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Tankwa Karoo NP: INFO

Agulhas, Bontebok, Table Mountain, Tankwa Karoo, West Coast
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Tankwa Karoo NP: INFO

Unread postby WestCoaster » Thu May 05, 2005 7:53 am

I recently enjoyed the privilege of a weekend in the Tankwa Karoo National Park along with 6 other W Coast HRs, hosted by the TKNP Park Manager, Conrad Strauss. The Park, which is not officially open to the public yet, as they are still in the process of buying farmland to add to the area of the Park before fencing it in, is already huge, and a fascinating place to visit. It is basically an arid Park for most of the year, covered in flowers when (if) it rains and is situated just over 100kms out of Ceres off the R46/R355.

I strongly recommend this wonderful new Reserve, and am sure it will become popular when opened.

We stayed in a revamped farmhouse named Paulshoek, about 5 kms from Conrad's office and home. Paulshoek is a revamped farmstead. The water in the homestead is good to drink, but we took our own anyway. Wood for braai and donkey boiler is supplied, but we took our own hardwood to supplement the braai. A walk around outside before your evening braai after the heat of the day is recommended. Looking back from the farmstead along the road you came in on and to the left up the hill, you might spot a concrete dam (like the one at Varsfontein, another old farmstead currently being renovated for the day the Park is opened) that supplies Paulshoek with water. It's worth a visit on foot, and see if you can spot the amateur rock etchings (most are just scratchings, some are really good) on the black basalt rocks up the rise a little from the dam. They were made last century and early this one by the people who lived in Paulshoek. Just below these rocks in the direction of the road, you might notice small holes in the ground. These are gecko holes, living examples of which may be seen on the Paulshoek walls on your first night.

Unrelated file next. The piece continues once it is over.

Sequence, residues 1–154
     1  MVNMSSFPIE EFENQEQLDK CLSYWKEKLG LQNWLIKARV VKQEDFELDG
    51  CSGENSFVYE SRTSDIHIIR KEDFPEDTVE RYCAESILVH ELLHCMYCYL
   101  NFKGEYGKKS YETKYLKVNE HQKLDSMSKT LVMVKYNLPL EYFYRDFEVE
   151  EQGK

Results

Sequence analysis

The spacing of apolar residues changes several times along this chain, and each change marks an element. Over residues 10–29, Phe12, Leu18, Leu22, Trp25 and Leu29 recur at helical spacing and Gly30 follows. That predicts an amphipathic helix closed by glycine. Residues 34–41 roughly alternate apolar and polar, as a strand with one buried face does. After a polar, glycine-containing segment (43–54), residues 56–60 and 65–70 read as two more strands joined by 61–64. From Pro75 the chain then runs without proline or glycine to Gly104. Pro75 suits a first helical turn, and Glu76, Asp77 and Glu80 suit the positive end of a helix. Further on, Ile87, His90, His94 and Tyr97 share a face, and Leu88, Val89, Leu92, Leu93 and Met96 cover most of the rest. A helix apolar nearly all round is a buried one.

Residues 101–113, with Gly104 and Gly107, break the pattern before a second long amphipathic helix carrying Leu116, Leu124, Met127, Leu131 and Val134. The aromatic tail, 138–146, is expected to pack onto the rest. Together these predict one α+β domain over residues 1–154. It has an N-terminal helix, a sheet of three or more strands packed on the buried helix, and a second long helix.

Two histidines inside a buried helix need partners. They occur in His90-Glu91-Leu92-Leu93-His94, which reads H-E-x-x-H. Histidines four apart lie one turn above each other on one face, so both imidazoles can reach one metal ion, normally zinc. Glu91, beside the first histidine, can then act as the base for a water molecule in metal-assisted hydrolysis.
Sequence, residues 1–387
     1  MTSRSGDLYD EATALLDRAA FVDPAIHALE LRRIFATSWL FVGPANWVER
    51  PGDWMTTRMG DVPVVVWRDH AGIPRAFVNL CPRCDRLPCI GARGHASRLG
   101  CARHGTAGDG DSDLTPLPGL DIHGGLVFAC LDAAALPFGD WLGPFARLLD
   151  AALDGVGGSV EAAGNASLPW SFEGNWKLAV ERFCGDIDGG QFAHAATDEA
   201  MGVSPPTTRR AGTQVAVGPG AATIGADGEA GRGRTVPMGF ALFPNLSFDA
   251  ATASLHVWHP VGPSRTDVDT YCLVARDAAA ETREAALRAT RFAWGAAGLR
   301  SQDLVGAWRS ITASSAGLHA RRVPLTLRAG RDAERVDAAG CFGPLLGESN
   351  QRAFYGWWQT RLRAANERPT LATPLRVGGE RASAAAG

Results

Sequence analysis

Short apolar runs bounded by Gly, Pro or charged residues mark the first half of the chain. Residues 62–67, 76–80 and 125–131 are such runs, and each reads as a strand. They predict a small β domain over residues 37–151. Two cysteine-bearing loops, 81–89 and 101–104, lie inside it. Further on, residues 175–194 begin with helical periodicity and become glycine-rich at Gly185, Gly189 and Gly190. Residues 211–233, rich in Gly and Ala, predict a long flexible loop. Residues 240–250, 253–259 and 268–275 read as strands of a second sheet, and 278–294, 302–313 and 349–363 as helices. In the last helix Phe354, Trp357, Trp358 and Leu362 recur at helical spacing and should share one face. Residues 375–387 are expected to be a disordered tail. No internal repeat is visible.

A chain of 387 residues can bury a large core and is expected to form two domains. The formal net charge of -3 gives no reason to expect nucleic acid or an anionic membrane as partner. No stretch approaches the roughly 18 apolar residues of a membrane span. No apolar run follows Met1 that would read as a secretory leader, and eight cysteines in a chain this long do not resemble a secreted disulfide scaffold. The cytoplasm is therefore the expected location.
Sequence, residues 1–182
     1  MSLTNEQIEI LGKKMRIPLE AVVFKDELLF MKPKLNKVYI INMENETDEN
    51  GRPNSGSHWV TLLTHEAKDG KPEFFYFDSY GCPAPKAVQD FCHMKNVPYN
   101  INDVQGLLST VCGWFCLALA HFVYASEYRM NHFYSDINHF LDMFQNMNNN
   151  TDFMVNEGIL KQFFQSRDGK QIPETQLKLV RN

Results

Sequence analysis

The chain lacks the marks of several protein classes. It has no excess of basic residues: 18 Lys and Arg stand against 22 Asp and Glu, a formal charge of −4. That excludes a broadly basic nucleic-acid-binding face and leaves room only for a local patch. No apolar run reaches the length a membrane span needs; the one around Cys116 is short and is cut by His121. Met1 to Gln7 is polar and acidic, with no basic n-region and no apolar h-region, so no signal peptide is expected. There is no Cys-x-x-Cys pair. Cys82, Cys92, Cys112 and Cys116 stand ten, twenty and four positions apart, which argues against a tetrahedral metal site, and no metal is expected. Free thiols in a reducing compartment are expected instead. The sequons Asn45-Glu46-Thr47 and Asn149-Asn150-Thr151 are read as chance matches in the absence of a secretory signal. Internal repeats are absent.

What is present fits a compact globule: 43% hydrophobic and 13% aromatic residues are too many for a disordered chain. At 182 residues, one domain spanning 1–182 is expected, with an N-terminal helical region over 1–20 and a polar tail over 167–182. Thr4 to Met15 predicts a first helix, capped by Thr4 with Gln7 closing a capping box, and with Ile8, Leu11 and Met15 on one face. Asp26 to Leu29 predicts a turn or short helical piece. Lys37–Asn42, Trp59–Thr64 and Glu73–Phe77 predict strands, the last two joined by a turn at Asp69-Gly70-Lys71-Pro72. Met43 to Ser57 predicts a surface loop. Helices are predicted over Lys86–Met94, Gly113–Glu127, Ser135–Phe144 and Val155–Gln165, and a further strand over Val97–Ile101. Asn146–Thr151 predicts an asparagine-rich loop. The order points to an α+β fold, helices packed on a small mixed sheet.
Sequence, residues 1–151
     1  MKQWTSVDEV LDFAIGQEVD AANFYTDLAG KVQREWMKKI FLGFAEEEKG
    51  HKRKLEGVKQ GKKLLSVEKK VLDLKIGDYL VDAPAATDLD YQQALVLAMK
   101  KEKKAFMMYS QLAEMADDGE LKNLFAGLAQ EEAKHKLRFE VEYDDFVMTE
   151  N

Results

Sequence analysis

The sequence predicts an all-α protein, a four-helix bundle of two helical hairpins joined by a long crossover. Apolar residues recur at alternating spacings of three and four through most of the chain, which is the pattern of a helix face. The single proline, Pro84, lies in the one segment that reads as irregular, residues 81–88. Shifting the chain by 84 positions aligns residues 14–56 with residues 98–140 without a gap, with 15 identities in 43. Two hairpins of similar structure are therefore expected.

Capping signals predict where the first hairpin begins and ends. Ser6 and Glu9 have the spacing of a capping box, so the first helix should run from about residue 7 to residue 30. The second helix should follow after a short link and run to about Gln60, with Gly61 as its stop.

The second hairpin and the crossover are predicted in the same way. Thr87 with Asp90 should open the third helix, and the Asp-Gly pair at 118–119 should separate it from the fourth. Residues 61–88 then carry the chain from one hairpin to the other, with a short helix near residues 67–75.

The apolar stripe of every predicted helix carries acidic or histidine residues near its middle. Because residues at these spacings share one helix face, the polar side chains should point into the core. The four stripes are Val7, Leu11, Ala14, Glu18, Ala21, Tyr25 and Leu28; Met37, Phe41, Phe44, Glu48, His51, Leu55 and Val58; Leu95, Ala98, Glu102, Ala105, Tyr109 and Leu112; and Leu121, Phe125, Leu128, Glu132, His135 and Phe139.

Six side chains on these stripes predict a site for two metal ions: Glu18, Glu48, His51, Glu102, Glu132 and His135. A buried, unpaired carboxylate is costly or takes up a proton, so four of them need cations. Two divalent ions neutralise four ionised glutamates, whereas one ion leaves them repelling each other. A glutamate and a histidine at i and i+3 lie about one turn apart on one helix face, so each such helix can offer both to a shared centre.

Places to visit include Varsfontein and the Gamamma(sp?) Pass, both of which provide wonderful Karoo vistas, strange plants and weird rocks. A 4X4 is recommended during the "rainy season" (sorry Conrad!). Vehicles with high ground clearance will survive longer than ordinary sedans.

The area has aardvark and porcupine in great abundance. Look out for these early morning and late afternoon. They can be heard at night outside the homestead grubbing for food. The area also has caracal (rooikat or lynx), both foxes - Cape and Bat-eared, as well as Black-Backed Jackal. Birds abound if you are into birds (look out for the most common birds of prey in the area, the Pale Chanting Goshawk, the Black Eagles in the pass, the Rock Kestrel and the Black Shouldered Kite). There are millions of LBJ's that defy identification! There are Mountain Zebra, a few Oryx (Gemsbok) and lots of Springbok, but you need to stop every now and then to spot them in the distance unless you are very lucky to come around a corner and catch them right in front of you. A program will be started as soon as the fences are complete (dependent on the purchase of another few farms - talk to Conrad for more info) to bring back all the game shot out by the previous tenants or farmers.